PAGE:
Review of Common Superstition-based Therapies in Qajar Era, Iran
In Arabic, every strange word that arose from a world other than human world, human science and experience is called superstition. (Seyyed ibn Tavous, p. 260) Some superstitious beliefs are specific to a community or a particular culture and some of these beliefs are specific to a particular gender or even a particular person. In Iran from ancient times to the Qajar era, especially before the Daroulfonon institute and a gradual transition from traditional to modern medicine, the role of superstition in the field of healthcare was applicable. Due to lack of educated physicians in community, lack of health care facilities and low-level health care system many of common people were resorting to magic and extravagant and non-scientific styles to cure illnesses.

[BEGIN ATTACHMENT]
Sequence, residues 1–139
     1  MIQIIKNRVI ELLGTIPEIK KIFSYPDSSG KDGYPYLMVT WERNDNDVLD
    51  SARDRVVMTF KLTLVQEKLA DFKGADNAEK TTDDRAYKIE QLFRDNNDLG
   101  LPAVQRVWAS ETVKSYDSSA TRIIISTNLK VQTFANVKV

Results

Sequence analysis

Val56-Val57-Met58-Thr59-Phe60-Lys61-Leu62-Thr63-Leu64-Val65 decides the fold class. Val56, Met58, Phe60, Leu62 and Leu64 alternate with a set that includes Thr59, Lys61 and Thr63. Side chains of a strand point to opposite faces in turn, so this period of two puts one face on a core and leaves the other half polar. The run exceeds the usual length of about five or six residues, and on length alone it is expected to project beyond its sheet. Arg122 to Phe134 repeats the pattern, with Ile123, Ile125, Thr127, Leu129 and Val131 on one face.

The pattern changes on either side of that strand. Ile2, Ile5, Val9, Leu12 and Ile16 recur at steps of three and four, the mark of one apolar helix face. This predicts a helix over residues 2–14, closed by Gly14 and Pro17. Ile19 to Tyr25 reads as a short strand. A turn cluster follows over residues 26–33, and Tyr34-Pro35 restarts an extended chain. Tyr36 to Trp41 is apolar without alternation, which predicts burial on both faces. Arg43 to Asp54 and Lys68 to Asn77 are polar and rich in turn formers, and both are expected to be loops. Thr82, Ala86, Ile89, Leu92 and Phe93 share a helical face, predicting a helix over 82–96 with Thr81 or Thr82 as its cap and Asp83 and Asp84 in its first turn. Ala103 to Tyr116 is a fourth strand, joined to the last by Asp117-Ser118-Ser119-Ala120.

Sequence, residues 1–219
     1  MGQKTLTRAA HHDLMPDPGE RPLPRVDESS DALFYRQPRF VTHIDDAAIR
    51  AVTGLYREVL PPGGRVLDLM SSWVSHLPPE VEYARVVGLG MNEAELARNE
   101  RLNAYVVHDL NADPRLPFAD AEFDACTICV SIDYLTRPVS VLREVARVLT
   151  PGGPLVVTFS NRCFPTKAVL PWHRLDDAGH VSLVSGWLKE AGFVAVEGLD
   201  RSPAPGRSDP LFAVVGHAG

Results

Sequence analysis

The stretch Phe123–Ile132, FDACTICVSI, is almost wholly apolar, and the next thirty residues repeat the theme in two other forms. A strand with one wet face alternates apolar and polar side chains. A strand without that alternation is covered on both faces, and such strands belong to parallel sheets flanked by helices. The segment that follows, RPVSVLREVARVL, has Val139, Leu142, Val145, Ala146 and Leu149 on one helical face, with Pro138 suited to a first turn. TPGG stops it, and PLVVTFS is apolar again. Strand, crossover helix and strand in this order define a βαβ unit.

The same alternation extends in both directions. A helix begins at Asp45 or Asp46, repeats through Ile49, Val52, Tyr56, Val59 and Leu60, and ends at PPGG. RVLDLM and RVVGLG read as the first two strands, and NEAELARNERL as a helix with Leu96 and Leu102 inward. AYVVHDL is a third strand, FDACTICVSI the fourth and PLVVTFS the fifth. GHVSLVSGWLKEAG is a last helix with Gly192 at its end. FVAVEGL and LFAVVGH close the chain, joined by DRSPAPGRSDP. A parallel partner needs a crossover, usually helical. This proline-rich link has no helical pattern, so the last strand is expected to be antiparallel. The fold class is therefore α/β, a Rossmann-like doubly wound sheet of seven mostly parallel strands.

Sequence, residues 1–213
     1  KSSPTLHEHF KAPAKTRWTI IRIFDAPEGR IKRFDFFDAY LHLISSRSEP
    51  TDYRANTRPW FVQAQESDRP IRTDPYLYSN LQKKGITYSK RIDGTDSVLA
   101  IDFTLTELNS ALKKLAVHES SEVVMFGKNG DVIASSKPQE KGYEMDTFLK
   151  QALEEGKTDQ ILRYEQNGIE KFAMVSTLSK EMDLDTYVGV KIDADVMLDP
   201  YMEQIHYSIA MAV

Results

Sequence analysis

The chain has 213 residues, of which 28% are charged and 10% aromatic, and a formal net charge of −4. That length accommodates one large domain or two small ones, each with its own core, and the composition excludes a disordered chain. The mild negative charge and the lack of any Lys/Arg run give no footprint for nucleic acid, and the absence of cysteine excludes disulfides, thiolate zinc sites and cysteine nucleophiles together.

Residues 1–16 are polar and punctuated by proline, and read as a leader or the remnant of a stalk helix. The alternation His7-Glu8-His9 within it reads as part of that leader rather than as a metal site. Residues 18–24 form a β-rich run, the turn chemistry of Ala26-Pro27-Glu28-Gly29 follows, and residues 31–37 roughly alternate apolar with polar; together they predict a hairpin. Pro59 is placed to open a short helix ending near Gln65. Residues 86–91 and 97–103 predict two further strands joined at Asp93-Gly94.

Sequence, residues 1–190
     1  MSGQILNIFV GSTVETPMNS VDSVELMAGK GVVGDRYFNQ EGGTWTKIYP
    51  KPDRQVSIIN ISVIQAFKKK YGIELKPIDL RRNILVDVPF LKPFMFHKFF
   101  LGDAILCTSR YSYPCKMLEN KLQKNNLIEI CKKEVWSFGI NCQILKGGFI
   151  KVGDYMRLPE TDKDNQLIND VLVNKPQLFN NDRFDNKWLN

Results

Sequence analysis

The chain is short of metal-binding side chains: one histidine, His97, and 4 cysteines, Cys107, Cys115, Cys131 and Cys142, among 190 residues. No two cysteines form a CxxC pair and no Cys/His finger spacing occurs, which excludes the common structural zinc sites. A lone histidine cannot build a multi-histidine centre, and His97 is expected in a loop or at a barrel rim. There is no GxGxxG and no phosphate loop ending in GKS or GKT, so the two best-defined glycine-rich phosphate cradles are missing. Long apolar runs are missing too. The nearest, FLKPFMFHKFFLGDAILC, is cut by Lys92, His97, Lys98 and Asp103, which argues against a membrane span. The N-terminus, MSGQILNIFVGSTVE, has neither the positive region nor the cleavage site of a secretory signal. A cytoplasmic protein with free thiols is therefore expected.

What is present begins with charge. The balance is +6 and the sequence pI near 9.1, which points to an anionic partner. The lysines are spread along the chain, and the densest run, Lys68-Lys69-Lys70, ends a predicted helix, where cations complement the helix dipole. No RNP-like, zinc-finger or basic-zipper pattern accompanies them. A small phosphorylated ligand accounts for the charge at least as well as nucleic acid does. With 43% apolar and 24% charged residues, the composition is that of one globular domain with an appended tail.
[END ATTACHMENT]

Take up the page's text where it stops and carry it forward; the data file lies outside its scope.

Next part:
This research is based on the fact that the target community of study is Iran's Qajar era, and practical field study is not possible; hence, it has fully utilized the library research method and attempted to use first hand resources from that era. This study aims to investigate the superstitions prevailing in the community for treatment of diseases in the Qajar period, to provide an underlying study for the new era researcher’s studying superstition therapy in present-day society, so there can be a comprehensive comparison between superstition in Present day and Qajar era.
Article Type:
Review Article
Advances in Nursing & Midwifery, Volume:28 Issue:1, 2018
66 - 70  
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